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Game Point 


Published August 17, 2011 at 8:55 a.m.

Well, I am just exhausted.

If you’re a music fan in or around Burlington, the last week and a half or so has been nothing short of epic. From Neutral Milk Hotel’s Jeff Mangum at the Universalist Unitarian Church to the Festival of Fools — not strictly music, but wild and fun nonetheless — and, of course, this past weekend’s Grand Point North/Lake Champlain Maritime Festival, the Queen City has been treated to an absolute embarrassment of musical riches this month. And that’s not even taking out-of-town fests such as Tweed River, RhinoFest and the Valley Stage into consideration. In short, it’s been borderline overwhelming. But let’s try to make some sense of it, shall we?

I sat down at my computer on four or five occasions last week trying to put into words what those of us at the UU church experienced on Monday, August 1, witnessing Jeff Mangum’s return to the stage. The best I could do? “Whoa.” Wouldn’t have made for much of a blog post, I’m afraid.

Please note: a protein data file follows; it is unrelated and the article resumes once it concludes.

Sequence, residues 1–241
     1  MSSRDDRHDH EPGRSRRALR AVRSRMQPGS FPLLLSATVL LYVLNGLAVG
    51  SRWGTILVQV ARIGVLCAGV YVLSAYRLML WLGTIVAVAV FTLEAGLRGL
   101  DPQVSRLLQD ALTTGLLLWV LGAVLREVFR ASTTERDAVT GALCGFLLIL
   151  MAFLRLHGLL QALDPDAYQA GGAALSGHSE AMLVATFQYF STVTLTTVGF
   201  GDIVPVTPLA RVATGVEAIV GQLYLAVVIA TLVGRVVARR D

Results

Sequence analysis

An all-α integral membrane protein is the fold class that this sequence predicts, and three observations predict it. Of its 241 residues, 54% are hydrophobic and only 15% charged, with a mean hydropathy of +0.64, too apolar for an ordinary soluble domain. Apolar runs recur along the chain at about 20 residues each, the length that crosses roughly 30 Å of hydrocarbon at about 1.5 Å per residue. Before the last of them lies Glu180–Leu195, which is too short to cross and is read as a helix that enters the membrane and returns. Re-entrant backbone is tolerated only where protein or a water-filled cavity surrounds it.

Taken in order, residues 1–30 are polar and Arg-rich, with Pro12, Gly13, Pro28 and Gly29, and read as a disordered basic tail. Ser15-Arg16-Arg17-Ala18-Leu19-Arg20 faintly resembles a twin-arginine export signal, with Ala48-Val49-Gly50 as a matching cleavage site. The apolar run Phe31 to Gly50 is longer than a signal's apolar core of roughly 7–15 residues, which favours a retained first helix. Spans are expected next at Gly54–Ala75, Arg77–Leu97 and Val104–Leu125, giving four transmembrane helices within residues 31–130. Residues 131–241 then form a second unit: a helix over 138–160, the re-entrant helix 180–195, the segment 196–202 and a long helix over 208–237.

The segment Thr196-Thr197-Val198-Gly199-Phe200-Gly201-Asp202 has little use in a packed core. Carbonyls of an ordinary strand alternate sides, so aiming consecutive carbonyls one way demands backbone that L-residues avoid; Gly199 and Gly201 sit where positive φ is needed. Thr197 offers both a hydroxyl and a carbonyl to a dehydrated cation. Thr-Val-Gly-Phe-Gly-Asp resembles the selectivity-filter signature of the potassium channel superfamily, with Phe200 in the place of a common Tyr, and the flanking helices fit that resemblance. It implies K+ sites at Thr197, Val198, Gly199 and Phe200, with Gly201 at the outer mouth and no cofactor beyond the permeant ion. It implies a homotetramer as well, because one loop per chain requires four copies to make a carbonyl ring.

There was once a great Chris Farley skit on “Saturday Night Live” in which the portly comic interviews Paul McCartney. His big question: “Remember when you were in the Beatles? … That was awesome!” That’s kind of how I felt trying to wrap my head around what I saw at the Mangum show. It was … awesome.

Never mind that Burlington was the first stop on his tour — which was also awesome, and a feather in the city’s cap. Or that he may have sounded even better than when NMH’s landmark album, In the Aeroplane Over the Sea, was released 10 years ago. (Also awesome.) And never mind that the UU church is a beautiful venue for an acoustic show. (Ditto.) Mangum’s performance, for me, and I’d wager for most of the crowd that night, was intensely personal. I don’t know if I had fully appreciated how much that album means to me until I heard the songs come from the mouth of the man who wrote them, and who seems to love them as much as we do. It was revelatory, a once-in-a-lifetime experience.